After the self-induced turkey comas and second helpings of pumpkin pie, there’s always that one guest that longingly looks up into your eyes and utters a plea for the leftovers. That’s right, your favorite pooch wants in on the Thanksgiving festivities, too. While many Thanksgiving dishes are safe to feed your dog, your Thanksgiving spread has many foods that are potentially toxic to your favorite four legged friend. Read this list of dishes to avoid feeding your dog this Thanksgiving so you aren’t spending your turkey day at the vet’s office.
Turkey skin is very high in fat, which can lead to pancreatitis in animals. In addition, it holds marinade, spices, butter, and oils, which are all very difficult for your dog to digest. All in all, steer clear of the skin. Feed your dog skinless, light meat pieces of your turkey leftovers. Because dark meat is higher in fat, it’s best to avoid it. In addition to pancreatitis risk, foods that are high in fat can lead to a major stomach upset. And you don’t want to deal with that when you already have to clean up after your Thanksgiving guests.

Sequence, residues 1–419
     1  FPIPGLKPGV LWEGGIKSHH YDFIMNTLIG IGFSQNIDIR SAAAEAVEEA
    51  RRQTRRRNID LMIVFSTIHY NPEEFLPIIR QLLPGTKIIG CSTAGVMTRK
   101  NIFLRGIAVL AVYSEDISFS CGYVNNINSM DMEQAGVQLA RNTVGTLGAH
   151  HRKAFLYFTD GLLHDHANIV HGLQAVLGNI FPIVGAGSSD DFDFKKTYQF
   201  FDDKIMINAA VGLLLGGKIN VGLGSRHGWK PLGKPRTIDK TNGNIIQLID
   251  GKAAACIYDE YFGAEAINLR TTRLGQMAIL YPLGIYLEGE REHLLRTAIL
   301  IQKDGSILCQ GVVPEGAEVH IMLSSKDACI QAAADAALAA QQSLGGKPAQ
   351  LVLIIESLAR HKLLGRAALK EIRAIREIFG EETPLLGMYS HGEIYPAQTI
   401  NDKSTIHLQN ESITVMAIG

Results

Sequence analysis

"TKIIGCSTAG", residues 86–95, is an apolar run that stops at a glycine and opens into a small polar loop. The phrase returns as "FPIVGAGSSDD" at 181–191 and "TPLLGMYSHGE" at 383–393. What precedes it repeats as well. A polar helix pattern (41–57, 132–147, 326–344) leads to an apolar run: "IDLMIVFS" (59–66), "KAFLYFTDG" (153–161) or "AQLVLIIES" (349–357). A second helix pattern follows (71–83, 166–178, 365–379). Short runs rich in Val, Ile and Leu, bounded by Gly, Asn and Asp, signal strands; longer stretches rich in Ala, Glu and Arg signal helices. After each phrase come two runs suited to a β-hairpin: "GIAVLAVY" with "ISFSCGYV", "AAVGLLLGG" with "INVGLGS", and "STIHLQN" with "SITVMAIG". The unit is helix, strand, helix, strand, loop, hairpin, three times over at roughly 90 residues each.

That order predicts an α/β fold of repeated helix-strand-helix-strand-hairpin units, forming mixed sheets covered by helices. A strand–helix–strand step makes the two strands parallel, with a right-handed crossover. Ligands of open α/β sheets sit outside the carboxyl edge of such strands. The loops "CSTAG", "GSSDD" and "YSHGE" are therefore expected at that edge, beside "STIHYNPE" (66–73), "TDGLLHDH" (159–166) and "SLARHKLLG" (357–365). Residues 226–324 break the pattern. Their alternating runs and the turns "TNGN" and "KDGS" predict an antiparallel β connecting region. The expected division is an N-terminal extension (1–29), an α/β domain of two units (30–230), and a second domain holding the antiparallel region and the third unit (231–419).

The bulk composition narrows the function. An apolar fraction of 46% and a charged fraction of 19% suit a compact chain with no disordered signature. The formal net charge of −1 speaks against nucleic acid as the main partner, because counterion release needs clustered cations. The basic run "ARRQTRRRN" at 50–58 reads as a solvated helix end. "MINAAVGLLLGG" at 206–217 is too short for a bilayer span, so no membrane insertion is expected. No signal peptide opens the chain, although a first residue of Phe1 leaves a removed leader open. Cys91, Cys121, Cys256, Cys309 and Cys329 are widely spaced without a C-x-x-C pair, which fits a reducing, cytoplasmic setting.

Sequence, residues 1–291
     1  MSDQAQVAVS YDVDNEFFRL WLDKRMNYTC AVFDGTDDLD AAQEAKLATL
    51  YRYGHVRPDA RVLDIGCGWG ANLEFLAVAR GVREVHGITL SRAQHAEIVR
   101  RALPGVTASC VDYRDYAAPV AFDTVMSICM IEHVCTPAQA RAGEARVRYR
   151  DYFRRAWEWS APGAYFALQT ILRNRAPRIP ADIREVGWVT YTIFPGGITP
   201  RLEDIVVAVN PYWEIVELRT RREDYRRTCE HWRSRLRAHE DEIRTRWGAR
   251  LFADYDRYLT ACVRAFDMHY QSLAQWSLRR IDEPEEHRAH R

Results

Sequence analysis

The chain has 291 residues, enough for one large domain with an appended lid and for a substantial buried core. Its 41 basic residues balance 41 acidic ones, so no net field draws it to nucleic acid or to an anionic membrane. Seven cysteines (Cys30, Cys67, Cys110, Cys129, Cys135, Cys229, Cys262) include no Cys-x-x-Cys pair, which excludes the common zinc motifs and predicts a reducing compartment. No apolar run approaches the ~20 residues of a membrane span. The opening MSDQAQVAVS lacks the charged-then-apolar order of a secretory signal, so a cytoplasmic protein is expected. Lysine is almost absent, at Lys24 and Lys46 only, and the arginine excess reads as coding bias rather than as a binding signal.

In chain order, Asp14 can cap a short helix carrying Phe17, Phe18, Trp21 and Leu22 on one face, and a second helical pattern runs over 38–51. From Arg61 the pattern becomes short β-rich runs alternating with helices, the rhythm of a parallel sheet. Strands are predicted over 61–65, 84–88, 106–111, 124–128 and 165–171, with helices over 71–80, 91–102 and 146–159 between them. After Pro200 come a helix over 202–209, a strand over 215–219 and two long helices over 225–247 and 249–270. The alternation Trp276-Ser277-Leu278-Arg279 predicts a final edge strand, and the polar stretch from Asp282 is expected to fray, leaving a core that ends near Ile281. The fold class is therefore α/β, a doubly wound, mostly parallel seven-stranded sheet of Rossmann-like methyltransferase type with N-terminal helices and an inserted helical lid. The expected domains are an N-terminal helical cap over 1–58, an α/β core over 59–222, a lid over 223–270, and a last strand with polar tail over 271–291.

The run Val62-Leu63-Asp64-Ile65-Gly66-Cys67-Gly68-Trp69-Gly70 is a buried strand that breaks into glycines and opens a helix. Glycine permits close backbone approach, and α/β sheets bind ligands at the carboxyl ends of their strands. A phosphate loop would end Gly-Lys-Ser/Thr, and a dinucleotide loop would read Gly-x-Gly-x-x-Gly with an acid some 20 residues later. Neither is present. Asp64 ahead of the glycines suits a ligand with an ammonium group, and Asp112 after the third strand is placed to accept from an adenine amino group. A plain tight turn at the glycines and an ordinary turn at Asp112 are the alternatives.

These are not safe for your dog. Cooked bones can potentially splinter your dog’s digestive tract, and ruin your Thanksgiving dinner. If your dog has a hankering for bones, make sure to feed him the uncooked bones or the bones you can buy at the pet store.
Illustration by Erik Mace
While cranberries are perfectly fine to feed your dog, canned cranberry sauce often contains a high amount of sugar and raisins. Raisins can be particularly toxic to your pets and have been shown to cause kidney failure.
Walnuts and macadamia nuts are particularly dangerous to your dog and can cause “macadamia nut toxicosis.” Within 12 hours of eating, your pooch could be unable to stand, vomiting, having tremors, experiencing fever, weak, and have an elevated heart rate.
This beloved fall spice can cause your dog to have seizures and central nervous system problems. In extreme cases, it can even cause death. On the Thanksgiving table, nutmeg is typically found in sweet potato casseroles and pumpkin dishes. Both sweet potatoes and pumpkins, when plain, are good for dogs in moderation. Make sure to only feed your dog, the leftover pumpkin puree and sweet potatoes that have not been sauced up for your celebration.